Matisse compared the Chapel of the Rosary in Vence to a book whose pages are to be inscribed using brushes and black Indian ink on white ceramic tiles, enhanced by the colour of the stained-glass windows. Beginning in 1932 with an edition of the poems of Mallarmé, Matisse illustrated a number of different books; their pages all share the same characteristic architectural space constructed through the artist’s choice of typography and graphic design – pen and Indian ink, or sepia and cut paper coloured with gouache. As in the chapel, the pages of these books are overlaid with patterns and this serves to accentuate their luminous quality and their presence.
In creating the chapel, Matisse went beyond the specific religious ritual for which it is the framework: he was also motivated by his personal view of the archetypes represented by light and space. The boundless white inside the chapel represented the infinite, as well as man’s spiritual dimension and mystical nature. The chapel is an enclosed space built around the idea of man’s potential salvation; this is symbolised by the disproportionate height and verticality of the chapel’s bell tower, which extends upwards towards the sky, and by the brightness from the sky that enters the chapel through its windows. The building represents an embodied metaphor for our efforts to escape from material and spiritual constraints and return to a state of transcendence; it does this without destroying the identity of the person who comes to it to pray or to visit – instead it assuages their suffering.
In March 1943 an area of Nice was destroyed by bombing. Fearing that some of the city’s blocks of flats would be taken over by the Germans, Matisse temporarily abandoned his studio apartment in the Régina building in Nice’s Cimiez neighbourhood and moved to Vence, a village in the countryside just outside the city. There he occupied a villa named Le Rêve, in which he remained until the end of 1948. As he did with all his homes, Matisse also used the villa as a studio. He produced a large body of work there, work that was noteworthy for the originality of the technique used, and in particular Matisse’s method of composing his image by laying out the colour in flat planes. This technique characterises the so-called ‘Vence period’ in Matisse’s work. As usual, Matisse was completely dedicated to his work at this time, and organised his day around sessions of drawing and painting. The garden of Le Rêve was a major source of inspiration. The artist filled many notebooks with drawings of plant forms, and he would work on a pattern and its structure until it became a part of the fabric of his visual language. Through the simplification of their graphic forms, leaves and branches became ‘signs’. He said: ‘An artist must take possession of Nature. He must identify himself with Nature’s rhythm through applied effort; this will help him acquire the mastery which, later, will enable him to express himself in his own language.’ Matisse viewed nature as the guardian of the secret of creation. He wished to be penetrated by the beauty of nature so that his art might be lively yet at the same time accessible to others.
In addition to his studies of nature, the serious operation Matisse had undergone in 1941 and his encounter in 1942 with Monique Bourgeois, who was at the time a nurse but was later to become a Dominican nun, added spiritual depth to his art and inspiration while he was in Vence. “At the moment I go every morning to say my prayers, pencil in hand; I stand in front of a pomegranate tree covered in blossom, each flower at a different stage, and I watch their transformation. Not in fact in any spirit of scientific enquiry, but filled with admiration for the work of God. Is this not a way of praying? And I act in such a way (although basically I do nothing myself as it is God who guides my hand) as to make the tenderness of my heart accessible to others.”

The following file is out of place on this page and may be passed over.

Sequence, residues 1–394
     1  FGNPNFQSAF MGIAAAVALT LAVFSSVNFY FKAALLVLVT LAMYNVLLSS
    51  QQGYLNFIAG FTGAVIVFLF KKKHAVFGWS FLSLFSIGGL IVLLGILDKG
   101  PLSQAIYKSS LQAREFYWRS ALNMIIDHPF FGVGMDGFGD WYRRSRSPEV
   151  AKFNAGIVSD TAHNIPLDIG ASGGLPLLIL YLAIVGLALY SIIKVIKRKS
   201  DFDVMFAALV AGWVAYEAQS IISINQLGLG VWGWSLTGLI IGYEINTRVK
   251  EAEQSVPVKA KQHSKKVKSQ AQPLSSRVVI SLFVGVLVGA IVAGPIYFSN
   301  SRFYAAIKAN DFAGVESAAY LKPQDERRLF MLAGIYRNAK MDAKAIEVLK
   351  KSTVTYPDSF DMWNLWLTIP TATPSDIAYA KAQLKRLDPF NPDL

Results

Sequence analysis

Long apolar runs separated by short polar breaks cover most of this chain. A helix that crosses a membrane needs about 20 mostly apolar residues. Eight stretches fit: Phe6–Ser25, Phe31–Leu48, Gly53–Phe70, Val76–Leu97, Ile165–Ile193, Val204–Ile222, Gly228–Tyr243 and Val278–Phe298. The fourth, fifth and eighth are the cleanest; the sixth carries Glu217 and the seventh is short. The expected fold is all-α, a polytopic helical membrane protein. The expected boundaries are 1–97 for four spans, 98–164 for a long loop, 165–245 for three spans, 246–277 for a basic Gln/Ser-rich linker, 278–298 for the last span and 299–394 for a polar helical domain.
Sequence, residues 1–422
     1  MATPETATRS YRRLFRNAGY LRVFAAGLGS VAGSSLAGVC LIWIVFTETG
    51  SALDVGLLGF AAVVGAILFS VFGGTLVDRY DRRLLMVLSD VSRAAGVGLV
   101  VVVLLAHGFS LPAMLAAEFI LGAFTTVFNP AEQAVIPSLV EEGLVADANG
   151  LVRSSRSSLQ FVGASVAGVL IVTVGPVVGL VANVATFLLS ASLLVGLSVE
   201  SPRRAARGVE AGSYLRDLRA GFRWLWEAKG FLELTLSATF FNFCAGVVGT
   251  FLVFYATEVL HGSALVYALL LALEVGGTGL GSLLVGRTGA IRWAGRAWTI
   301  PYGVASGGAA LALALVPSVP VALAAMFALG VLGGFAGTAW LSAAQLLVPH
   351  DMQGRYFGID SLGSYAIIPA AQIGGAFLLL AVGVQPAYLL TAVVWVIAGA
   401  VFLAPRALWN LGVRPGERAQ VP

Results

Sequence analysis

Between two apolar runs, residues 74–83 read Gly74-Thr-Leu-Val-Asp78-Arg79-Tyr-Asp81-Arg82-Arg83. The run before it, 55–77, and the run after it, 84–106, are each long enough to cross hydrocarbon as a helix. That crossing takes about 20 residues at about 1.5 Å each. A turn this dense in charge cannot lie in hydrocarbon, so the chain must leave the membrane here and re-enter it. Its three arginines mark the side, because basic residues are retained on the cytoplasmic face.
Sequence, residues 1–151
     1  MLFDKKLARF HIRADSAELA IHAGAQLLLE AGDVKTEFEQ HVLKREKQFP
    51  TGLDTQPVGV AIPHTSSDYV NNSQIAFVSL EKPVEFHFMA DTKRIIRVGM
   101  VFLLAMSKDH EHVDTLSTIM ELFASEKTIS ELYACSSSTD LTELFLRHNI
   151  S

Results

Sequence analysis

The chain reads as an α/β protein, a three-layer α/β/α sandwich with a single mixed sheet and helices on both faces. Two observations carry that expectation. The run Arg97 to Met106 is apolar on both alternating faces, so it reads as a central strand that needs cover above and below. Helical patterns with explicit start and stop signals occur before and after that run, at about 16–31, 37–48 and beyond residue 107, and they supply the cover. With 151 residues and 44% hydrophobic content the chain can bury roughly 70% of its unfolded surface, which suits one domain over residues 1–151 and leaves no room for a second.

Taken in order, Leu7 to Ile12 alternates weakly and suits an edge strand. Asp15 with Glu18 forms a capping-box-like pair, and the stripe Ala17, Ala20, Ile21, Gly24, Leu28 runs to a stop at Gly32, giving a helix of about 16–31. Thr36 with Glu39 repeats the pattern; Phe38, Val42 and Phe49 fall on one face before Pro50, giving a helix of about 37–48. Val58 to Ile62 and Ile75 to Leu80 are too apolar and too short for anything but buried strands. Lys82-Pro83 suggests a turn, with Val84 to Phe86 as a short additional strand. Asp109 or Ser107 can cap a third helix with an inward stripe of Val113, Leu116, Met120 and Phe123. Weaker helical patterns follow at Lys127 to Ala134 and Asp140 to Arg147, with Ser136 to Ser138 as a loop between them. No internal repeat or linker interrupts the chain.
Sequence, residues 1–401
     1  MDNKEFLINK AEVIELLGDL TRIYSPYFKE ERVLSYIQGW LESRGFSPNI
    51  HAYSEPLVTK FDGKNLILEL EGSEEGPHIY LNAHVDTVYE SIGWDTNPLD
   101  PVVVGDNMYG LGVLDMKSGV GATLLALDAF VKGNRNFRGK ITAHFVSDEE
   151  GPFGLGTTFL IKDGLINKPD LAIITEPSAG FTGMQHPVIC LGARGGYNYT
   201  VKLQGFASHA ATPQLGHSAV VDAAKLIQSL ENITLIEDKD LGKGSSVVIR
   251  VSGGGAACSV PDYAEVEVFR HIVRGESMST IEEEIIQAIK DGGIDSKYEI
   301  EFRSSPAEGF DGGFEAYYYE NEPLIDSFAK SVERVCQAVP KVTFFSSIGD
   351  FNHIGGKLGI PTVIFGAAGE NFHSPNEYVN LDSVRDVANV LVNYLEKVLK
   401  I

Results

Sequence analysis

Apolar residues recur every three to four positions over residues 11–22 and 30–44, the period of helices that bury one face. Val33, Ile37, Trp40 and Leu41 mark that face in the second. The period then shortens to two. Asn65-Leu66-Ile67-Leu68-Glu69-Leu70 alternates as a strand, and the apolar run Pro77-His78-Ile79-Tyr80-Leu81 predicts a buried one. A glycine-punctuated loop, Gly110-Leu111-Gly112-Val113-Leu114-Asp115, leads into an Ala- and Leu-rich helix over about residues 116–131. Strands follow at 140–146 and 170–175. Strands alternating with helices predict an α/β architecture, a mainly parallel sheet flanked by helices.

The development of his drawing, and the amplification of his expressiveness through colour and design, created a new pictorial realm. Particularly during 1947, Matisse’s interpretation of interiors that were open to the outside world via the window foreshadowed the approach he was to adopt within the chapel.4 With their coloured motifs, the chapel’s stained-glass windows use the contrast between transparency and opacity to mediate the relationship between the inner religious world and the world outside. Additionally, the representations of St Dominic, the Virgin and Child and the Way of the Cross are simplified to such a degree that their lines have become ‘signs’. With the chapel, Matisse’s work acquired a new dimension, infused with far greater awareness of the spiritual grandeur of artistic creation of all kinds. “Most painters … look for an external light to see clearly into their own nature. Whereas the artist or the poet possesses an inner light that transforms objects, creating a new world with them, a sentient, organised and living world, a sure sign of divinity in itself, the reflection of divinity.”
Matisse moved into the Villa Le Rêve in 1943. In February the historian of art and literature, Louis Gillet, recorded the artist’s words, as reported above. During this wartime period, while recovering from his operation of 1941, Matisse was soothed and supported by the landscape of Vence and the plants in his garden. Destiny was to lead him to create the Chapel of the Rosary for the Dominican nuns at the nearby Foyer Lacordaire.
Matisse: The Chapel at Vence is available in the RA Shop.